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Book: The Joy of the Gospel: Meditations for Young People
Author: Cardinal Carlo Maria Martini
The Liturgical Press, Collegeville, MN, pp. 107

Excerpt from the Introduction:

I remember an old Buddhist monk, more than eighty years old, who told me during my visit to the monastery in Hong Kong that we are searching for nothing (nada), the scope of our life is the nothing (nada).

What was he trying to say? Is his true prayer and what relationship does it have with ours?

If we have the clarity of the ongoing dynamism of Christic prayer, it can be important, as Church, to establish the value of meditation without object, the meaning of the encounter with nothing.

Christic prayers is surrender, actio, it is being crucified with Christ, being given to the poorest.

When we are deprived of the light of Christ, the forms of prayers, perhaps beautiful, of other religions are dangers and they pose the risk of becoming mental self-justification, a closing in on one's own choice, self-legitimation. And there is nothing worse on the ascetical journey, or on the so-called spiritual journey, than self-satisfaction.

I am thinking here of persons who pray, pray much, and yet succeed in always doing what they want, in legitimating their own opinions without ever taking the Church seriously or doing justice to truth. Perhaps they have not been helped by becoming truly excited in lectio divina, by passing from the successive stages which, through the power of the Holy Spirit, transforms the word of God lived in life, to evangelical action.

Excerpt from Book

Facing Opposition

In the passage from Mark, the people suddenly go from admiration [to his teaching in the temple] to distrust. "Is this not the carpenter, the son of Mary, a brother of James and Joses and Judas and Simon? Are not his sisters our neighbors here? . . . .

If he had been a great prophet who came from Jerusalem, who had studied in the schools of the capital, it would have be different, but since he is just one of the country people, it is useless to listen to him. . . .

Jesus first of all reacts with sorrowful amazement, with painful surprise . . . he is found here confronted with the very terrible attitude which is the inability to put one's trust in God, to believe that God can do something really big in our little areas of life . . .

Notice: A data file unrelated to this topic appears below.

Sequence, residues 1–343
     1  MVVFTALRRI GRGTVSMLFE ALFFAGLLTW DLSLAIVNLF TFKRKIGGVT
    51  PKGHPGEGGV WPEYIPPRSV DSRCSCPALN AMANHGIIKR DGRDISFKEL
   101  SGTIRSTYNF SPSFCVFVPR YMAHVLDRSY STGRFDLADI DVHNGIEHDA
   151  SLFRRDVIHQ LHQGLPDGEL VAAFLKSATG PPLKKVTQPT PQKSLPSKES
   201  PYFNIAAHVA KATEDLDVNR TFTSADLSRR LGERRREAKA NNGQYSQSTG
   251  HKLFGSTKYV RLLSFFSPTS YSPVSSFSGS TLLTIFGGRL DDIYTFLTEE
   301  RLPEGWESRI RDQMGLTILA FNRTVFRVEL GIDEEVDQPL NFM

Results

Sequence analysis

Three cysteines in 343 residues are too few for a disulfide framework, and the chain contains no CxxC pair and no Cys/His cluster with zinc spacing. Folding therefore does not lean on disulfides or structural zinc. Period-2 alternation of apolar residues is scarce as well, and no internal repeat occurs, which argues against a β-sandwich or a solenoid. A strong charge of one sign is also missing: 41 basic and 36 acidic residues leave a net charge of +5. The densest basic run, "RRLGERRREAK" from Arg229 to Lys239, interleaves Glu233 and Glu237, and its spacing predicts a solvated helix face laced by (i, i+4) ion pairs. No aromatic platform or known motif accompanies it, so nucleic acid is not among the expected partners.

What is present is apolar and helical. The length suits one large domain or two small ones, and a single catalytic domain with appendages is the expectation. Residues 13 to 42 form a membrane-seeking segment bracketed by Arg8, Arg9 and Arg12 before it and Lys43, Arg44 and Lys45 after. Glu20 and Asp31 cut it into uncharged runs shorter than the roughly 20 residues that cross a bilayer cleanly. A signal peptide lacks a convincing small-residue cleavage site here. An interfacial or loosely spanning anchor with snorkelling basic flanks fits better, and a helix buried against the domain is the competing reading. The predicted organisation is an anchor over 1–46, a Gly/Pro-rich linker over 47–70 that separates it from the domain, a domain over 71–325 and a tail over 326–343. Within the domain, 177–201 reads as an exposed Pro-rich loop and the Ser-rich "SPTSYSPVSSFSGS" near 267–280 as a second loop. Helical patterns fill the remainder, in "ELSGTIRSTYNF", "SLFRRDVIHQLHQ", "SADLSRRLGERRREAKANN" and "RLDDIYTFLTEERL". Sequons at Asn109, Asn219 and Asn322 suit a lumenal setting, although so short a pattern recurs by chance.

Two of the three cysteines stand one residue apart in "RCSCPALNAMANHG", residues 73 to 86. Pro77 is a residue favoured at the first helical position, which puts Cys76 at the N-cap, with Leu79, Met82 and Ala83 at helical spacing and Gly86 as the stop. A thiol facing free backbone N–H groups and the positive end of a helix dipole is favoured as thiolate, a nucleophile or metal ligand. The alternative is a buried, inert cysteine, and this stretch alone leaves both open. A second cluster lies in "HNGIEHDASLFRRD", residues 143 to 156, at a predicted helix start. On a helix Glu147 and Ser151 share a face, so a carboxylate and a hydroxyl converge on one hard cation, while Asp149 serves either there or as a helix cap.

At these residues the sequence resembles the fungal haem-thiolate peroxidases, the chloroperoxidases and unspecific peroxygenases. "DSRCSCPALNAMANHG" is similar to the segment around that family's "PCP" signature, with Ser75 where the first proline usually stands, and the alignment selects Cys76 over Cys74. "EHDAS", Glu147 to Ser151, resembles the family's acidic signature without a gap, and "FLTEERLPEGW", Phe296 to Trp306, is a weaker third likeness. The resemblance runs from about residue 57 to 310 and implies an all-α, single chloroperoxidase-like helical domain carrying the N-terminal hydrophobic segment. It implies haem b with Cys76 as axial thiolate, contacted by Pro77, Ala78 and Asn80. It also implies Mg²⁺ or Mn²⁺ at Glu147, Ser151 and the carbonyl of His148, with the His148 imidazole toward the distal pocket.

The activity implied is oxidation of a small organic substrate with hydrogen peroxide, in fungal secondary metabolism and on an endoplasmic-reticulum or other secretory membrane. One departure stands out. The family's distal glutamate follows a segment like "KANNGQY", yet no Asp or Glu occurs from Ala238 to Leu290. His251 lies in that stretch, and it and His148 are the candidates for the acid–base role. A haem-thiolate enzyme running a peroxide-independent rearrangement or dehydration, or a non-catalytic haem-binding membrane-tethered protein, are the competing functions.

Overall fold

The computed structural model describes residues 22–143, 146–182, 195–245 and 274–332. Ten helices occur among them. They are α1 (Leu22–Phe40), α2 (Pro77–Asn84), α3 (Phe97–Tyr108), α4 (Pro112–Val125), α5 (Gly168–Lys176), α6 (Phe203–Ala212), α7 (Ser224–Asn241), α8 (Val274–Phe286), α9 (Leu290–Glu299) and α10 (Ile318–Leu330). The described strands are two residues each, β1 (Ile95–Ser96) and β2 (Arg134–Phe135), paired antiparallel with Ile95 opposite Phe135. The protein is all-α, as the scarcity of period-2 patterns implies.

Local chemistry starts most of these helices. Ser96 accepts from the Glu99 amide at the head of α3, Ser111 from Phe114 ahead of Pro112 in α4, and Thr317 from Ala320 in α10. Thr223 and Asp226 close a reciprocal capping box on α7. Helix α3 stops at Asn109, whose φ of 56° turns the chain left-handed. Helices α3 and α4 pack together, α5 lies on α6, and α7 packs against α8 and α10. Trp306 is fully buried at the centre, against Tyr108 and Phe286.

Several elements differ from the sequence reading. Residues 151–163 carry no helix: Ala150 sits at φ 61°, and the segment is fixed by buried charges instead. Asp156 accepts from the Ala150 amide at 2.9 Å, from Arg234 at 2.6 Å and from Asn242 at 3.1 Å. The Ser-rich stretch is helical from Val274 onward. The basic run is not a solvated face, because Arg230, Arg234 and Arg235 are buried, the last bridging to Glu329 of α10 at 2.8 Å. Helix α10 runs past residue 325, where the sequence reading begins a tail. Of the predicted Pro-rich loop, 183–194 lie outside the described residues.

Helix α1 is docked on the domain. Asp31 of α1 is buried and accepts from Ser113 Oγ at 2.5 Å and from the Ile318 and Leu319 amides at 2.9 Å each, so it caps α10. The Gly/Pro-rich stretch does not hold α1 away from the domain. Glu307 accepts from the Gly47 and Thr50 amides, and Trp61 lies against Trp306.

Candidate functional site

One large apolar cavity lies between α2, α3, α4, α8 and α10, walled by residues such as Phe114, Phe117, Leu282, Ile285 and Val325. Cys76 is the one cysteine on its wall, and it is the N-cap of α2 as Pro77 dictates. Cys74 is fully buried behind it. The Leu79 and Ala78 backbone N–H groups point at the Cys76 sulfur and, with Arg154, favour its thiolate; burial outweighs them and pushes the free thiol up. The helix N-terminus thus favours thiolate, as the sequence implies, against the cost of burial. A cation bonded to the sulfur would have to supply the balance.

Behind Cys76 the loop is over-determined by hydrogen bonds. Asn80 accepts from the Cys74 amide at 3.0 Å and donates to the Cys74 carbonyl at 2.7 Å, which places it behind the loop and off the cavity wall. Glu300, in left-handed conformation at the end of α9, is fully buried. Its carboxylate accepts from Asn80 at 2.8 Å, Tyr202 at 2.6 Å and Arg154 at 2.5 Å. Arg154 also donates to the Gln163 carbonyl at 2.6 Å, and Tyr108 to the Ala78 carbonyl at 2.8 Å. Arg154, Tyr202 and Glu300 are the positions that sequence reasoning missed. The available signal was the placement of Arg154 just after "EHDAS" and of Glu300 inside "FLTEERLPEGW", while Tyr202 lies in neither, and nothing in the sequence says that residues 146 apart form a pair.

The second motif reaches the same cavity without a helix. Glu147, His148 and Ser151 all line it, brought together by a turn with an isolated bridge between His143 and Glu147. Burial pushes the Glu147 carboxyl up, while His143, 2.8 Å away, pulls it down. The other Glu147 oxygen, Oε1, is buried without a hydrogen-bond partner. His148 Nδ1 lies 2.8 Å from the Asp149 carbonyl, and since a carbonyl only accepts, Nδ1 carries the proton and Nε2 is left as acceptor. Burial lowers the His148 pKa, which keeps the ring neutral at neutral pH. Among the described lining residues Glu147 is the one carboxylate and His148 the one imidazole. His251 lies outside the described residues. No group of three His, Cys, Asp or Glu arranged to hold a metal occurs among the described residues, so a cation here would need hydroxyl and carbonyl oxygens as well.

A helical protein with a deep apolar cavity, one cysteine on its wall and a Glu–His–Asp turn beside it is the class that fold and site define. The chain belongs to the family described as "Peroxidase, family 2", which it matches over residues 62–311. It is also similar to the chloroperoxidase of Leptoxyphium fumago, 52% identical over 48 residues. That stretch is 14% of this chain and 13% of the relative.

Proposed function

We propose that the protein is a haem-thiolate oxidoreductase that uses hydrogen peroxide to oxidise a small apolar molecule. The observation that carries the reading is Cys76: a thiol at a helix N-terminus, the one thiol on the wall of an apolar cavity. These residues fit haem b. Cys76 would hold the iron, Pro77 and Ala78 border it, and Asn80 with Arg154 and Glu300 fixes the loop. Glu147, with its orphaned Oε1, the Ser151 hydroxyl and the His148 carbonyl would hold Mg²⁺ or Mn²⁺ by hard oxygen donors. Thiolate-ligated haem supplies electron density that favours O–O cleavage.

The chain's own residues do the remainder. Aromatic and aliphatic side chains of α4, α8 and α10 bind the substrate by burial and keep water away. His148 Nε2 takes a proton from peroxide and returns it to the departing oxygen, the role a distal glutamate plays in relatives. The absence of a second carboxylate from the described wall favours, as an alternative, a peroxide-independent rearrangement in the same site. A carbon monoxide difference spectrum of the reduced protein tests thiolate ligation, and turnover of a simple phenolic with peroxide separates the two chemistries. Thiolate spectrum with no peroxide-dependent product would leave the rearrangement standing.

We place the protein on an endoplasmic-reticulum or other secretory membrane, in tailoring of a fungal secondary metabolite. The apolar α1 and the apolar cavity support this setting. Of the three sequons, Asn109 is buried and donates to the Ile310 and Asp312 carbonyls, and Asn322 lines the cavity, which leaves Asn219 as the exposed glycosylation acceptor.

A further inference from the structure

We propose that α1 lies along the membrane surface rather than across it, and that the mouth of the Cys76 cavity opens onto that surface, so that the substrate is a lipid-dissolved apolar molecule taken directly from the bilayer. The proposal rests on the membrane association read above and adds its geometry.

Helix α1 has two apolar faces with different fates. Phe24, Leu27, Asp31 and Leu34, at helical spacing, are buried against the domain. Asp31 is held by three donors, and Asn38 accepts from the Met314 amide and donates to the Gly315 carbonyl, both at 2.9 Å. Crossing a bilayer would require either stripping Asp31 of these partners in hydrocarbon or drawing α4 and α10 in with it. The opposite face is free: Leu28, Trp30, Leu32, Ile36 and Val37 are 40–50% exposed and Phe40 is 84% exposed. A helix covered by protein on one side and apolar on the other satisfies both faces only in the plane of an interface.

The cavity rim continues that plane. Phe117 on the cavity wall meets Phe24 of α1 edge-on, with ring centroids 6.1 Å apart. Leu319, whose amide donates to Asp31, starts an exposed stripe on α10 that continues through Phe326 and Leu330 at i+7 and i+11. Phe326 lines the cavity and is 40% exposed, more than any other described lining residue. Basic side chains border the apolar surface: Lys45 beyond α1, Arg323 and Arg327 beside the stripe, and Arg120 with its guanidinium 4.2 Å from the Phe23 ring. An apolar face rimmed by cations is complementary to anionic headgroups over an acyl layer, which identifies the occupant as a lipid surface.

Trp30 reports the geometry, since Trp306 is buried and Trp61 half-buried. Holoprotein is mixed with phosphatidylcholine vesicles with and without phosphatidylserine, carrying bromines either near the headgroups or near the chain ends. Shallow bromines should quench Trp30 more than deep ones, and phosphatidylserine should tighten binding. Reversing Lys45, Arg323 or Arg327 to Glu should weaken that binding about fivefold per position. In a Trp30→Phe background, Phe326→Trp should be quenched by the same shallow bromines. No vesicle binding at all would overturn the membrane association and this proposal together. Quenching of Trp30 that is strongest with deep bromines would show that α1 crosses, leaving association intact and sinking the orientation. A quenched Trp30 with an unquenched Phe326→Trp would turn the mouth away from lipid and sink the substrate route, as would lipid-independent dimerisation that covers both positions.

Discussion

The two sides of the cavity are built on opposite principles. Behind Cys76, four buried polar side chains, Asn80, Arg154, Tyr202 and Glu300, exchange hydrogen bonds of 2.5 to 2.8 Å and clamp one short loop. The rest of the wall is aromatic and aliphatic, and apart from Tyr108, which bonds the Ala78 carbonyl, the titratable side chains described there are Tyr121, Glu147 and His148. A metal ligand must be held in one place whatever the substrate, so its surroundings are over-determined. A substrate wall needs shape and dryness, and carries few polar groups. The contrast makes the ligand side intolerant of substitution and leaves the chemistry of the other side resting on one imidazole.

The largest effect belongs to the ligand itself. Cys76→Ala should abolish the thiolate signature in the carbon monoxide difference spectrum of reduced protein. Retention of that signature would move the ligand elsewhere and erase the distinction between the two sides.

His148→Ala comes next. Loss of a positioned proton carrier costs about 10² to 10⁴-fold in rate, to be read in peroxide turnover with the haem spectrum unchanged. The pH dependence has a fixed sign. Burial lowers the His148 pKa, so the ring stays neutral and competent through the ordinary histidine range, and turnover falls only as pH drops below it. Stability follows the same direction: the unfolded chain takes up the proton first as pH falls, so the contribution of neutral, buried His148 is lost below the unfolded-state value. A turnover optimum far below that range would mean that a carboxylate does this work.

After the surprise, he experiences a kind of blockade; his love, his desire to heal is impeded. This must have been a terrible suffering for him. . . .

Jesus' response to all this was: "No prophet is without honor except in his native place, among his own kindred, and in his own house."

The reason given by Jesus is the same one that we tried to pick out when listening to people: the meanness of their hearts and their background. Hearts and backgrounds closed to the true action of God, not the shallowness of some sixteen-year-old religious man who sees this action only in great deeds, great undertakings, in amazing and flamboyant things. . . .

By giving a reason, Jesus refocuses the negative judgments, he shakes them up and down, he liberates them.

Finally, he continues as before and even before that: "He made the rounds of the neighboring villages instead, and spent his time teaching." . . .

Jesus reacts [to opposition] by passing through four stages: astonishment, suffering of feeling blocked in his love for humankind, search for a reason which redirects the judgments, certainty of having to continue to teach as he had always done.

Table of Contents:

The exercise of lectio divina, Introduction
Lectio divina
Its relationship with memory, intellect, will
Evangelical contemplation
The universal dynamism of knowledge
Particular characteristics of Christian prayer

Part I

1. The Joy of the Gospel
Why these exercises?
The event at Cana
The persons
The symbols
The great truths

2. "They have no more wine"
A certain shame of the Gospel
Living the joy of the Gospel
Questions for meditation

3. "Thus did he reveal his glory"
The joy of the Cross
The glory of God
The manifestation of the glory at Cana
The path to peace

4. "Do whatever he tells you"
The words of Mary where did they come from?
The words of Mary summon us

5. Mary as missionary
The journey covered
The prime source of the missionary Church
A Church which prepares the way
A Church which knows how to be involved
The good wine needs no recommendation

Part II
Quantum Leaps on the Christian Educational Journey:
School of the Word on the Gospel according to Mark

1. Staying with Jesus
The leap which Jesus brings to completion
Failing in love with Jesus: points for meditation
Questions for our personal prayer

2. Leaving fear behind and relying on Jesus
The fear of trusting
Apropos of meditation and contemplation

3. Leaving fear behind and relying on Jesus
Preliminary remarks
The reaction of Jesus when challenged
Questions for meditation and contemplation

4. Facing and welcoming the discourse about the Cross
The quantum leap: the way of the cross
Points for meditation: the fundamental Christian discourse
Start of the contemplative silence

5. "And he confirmed the message"
A reading from Mark 16:9-20
The three appearances
The mandate of Jesus and the signs of the believer
"He confirmed the message"